Microbiologist at UF/IFAS Citrus REC works toward a successful greening treatment

GAINESVILLE, Fla. — In the same year the University of Florida’s Citrus Research and Education Center celebrates its 100th anniversary, Nian Wang believes he may be close to finding the “off switch” for greening, the disease devastating Florida’s multi-billion-dollar-a-year citrus industry.

Wang, an associate professor of microbiology and cell sciences at the UF Institute of Food and Agricultural Sciences, is working with a relatively new gene-editing technique called CRISPR, an acronym for “clustered regularly interspaced short palindromic repeats.”

Scientists expect to use the CRISPR technique to generate greening-resistant citrus varieties by modifying the susceptibility genes within the plants, he said.

“First, we are working on identifying genes which make citrus susceptible to the greening pathogen,” Wang said.

Scientists know the greening disease as Huanglongbing – or HLB for short. A bacterium known as Candidatus Liberibacter causes the citrus greening disease. Trees and fruit can get infected when the Asian citrus psyllid — a tiny insect no bigger than a grain of rice — bites citrus leaves or stems.

Wang’s system works by tricking plants into sending itself instructions to cut off the gene sequences that program it to welcome disease into its cells. With CRISPR, he believes he is nearing the genetic “off” switch. Theoretically, this technique could soon create a greening-resistant tree, said Wang, a faculty member at the UF/IFAS CREC in Lake Alfred, Florida.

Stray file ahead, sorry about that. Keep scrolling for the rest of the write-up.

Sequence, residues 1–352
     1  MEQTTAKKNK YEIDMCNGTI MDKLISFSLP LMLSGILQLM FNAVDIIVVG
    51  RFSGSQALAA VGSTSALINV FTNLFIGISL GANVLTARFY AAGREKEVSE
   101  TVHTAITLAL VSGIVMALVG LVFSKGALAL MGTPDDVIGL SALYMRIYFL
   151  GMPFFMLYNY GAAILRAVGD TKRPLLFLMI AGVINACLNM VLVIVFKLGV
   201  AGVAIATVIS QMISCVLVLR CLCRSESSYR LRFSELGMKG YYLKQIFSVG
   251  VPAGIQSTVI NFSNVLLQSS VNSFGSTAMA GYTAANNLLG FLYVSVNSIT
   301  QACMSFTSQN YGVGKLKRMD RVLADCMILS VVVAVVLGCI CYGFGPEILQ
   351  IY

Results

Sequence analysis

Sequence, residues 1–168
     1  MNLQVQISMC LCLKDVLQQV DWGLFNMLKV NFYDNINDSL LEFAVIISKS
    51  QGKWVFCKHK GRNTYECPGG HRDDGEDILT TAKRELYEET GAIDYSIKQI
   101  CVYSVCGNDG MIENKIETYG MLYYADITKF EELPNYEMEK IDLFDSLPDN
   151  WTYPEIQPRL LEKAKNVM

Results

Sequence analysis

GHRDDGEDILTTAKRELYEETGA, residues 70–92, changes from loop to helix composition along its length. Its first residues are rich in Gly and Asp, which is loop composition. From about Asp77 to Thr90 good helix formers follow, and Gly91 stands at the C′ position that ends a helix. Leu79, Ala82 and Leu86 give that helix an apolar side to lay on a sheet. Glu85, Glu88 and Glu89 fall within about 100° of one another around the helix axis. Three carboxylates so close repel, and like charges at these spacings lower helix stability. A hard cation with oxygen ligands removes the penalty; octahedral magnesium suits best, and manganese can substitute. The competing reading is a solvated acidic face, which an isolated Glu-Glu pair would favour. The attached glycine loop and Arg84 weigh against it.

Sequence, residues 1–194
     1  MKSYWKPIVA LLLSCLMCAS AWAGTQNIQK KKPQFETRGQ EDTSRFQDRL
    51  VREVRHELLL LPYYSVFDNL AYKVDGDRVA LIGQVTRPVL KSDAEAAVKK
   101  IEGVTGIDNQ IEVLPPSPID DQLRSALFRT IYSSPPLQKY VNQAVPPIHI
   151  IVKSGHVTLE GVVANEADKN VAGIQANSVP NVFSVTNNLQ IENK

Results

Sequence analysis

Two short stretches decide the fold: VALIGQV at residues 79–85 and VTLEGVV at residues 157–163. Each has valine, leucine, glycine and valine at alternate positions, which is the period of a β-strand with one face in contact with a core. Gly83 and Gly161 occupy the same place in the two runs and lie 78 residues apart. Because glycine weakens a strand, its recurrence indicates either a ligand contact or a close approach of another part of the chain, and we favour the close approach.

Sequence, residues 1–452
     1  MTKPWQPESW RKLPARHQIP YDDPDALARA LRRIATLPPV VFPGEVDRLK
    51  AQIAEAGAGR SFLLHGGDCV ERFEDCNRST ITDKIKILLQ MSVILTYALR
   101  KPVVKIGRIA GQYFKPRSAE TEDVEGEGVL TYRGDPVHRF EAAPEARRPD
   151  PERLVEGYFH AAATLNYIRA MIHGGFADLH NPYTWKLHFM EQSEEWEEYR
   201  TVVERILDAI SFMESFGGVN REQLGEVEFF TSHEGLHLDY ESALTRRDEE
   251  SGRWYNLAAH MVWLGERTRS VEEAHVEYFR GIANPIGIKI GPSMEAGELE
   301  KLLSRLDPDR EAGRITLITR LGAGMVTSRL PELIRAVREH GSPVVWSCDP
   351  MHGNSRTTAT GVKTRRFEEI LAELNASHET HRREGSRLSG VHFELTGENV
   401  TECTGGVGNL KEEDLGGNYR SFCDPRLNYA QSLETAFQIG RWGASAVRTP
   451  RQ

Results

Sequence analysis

He has already used CRISPR on grapefruit to cope with canker. Wang and his research team used CRISPR to modify the DNA in grapefruit, creating a new variety that is resistant to citrus canker.

Following that success, the Legislature provided Wang $1 million to use CRISPR to develop citrus varieties that are resistant to citrus greening.

Wang expects to make significant progress on the gene-editing process in the near future.

“This technology can generate greening-resistant and greening-tolerant genome-edited citrus varieties that are free of foreign DNA, and thus can be commercialized immediately,” he said.

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By: Brad Buck, 352-294-3303, bradbuck@ufl.edu

The mission of the University of Florida Institute of Food and Agricultural Sciences is to develop knowledge relevant to agricultural, human and natural resources and to make that knowledge available to sustain and enhance the quality of human life. With more than a dozen research facilities, 67 county Extension offices, and award-winning students and faculty in the UF College of Agricultural and Life Sciences, UF/IFAS works to bring science-based solutions to the state’s agricultural and natural resources industries, and all Florida residents. Visit the UF/IFAS web site at ifas.ufl.edu and follow us on social media at @UF_IFAS.

 

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